Time is all we have
The Pareto Principle also applies to the investment of time in getting a job done.
Often, less than 3% of the elapsed time performing a process has anything to do with real work.
Manufacturing companies spend anywhere from 5-10 percent total time actually adding value to the product.
Mangers and supervisors spend less than 25% of their day doing what they were hired to do. Most of their time is spent putting out fires.
My original graphic said Fluff instead of Ancillary, but I decided that was misleading. A worker drinking a cup of coffee isnít moving widgets down the assembly line, but itís an ancillary activity without which the worker would quit.
Geoff Mooreís Living on the Fault Line says anything that raises oneís stock price is core; everything else is mere hygiene. Do you bathe? Good. If you didn't you'd lose your job. But don't expect to receive a promotion for bathing no matter how squeaky clean you are. Differentiating on things that arenít core is the single biggest waste of resources in Fortune 500 operations. Without very careful management, the ancillary stuff always gets in the way of core because it absorbs time, talent and management attention.
The way to prosper as an organization or as an individual is to hand off ancillary activities and put more time into core. Itís called ďworking smarter, not harder.Ē
A business that can do more in less time will have happier customers, lower inventories, and higher profits, but how can a business speed up its people? What kind of training would that take?
The answer comes from engineering. Youíve heard the principle described as lean manufacturing, time-based competition, kaizen, and zero-latency. If youíre familiar with the discussions coming out of Workflow Institute, itís the real-time enterprise. Practitioners of six sigma look at it as reducing cycle time. Theyíre all about optimizing systems to speed things up.
Automobile manufacturers figured out what increased throughput was worth to them. Visit a Toyota or Honda assembly plant. Youíll witness a smooth operation. ďFrom aerospace assembly to chemical manufacturing to production enhancement in oil and gas, our customers are enjoying bottom-line results and easier operations,Ē touts an ad. Managers in pharma, intelligence, minerals, the military, and other sectors of industry are boosting profits through optimizing their processes and accelerating how quickly they get things accomplished.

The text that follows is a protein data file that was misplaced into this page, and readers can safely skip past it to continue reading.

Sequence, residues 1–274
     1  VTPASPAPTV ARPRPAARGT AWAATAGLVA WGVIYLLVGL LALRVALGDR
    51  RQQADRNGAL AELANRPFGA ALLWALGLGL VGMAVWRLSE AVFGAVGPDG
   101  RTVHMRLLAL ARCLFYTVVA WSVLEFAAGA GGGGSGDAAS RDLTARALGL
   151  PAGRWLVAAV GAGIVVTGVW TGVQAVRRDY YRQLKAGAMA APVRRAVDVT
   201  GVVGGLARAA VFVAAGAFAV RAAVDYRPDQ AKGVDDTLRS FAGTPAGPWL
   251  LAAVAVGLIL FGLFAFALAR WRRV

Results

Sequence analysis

Itís time for eLearning to adopt the approaches of the industrial engineers.
A process is a series of steps that bring about a result.
Cooking a meal is a process. Walking the dog is a process. Brushing your teeth is a process. Making a sale is a process, as are sending a fax, writing a brochure, delivering a package, inflating a tire, developing a business plan, and assembling a computer. Bringing a new product to market is a process. So is bringing a new employee up to speed.
In sum, processes occur everywhere. Knowledge workers perform processes, not just factory hands. And a process may range from tiny (a memory cycle in your PC) to immense (a merger or acquisition). Conceptualizing a group of activities as a process enables us to analyze and often improve upon it.
A business is a collection of processes that create value for a customer.
A process is a series of steps that occurs over and over again. A process begins with an input and ends with an output. Each time that happens is called a cycle. Every cycle has a start, a middle, and an end. The elapsed time from the start of one cycle to start of the next is called cycle time.
Factories and offices are not very efficient. In fact, workers spend relatively little time performing processes, the real work. Processing time in factories is often only 5% to 10% of cycle time. Knowledge workers spend only 5% to
25% of their time doing the work in their job descriptions.
The remaining 75% to 95% is Slack Time Ė time spent waiting for materials, looking things up, dealing with interruptions, fixing what didnít make it the
first time, straightening up the work area, going to the bathroom, putting out fires, taking a cigarette break, answering wrong numbers, eating lunch, reading junk email, and learning how to do a better job.
Use the 80/20 rule to select an important process. Cutting cycle time by 1/3 increase profitability ten times over.
Generally, the processing itself is already quite efficient. It has been under the efficiency expertís microscope for a good while. Also, itís the smaller component of cycle time.
To improve cycle time, cut the slack. Thereís a more to cut from. The slack is often made up of departmental anachronisms, historical accidents, slow start-times, linear processes that could be done in parallel, and things at boundaries that nobody has taken responsibility for.
A high-tech company sent new recruits to a two-week sales boot camp before sending them into the field to learn on the job. On average, it took new hires eighteen months to be selling at quota level ($5 million/year).
The company re-structured the process to include online learning on the technology in preparation for the boot camp. Freed of technical training, the boot camp focused on selling strategies. Structured online activities, mentoring, and seminars replaced the catch-as-catch-can learning from experience in the field. Shortening the slack cut the development cycle to nine months.
Do the math. ĺ year x $5 million = $3.75 million incremental revenue/person. This company was adding more than a thousand new sales people annually. Thatís more than $3 billion in new-found revenue.
 FedEx Center for Cycle Time Research at the University of Memphis
Free clip art, sounds, templates, etc. from that company in Redmond.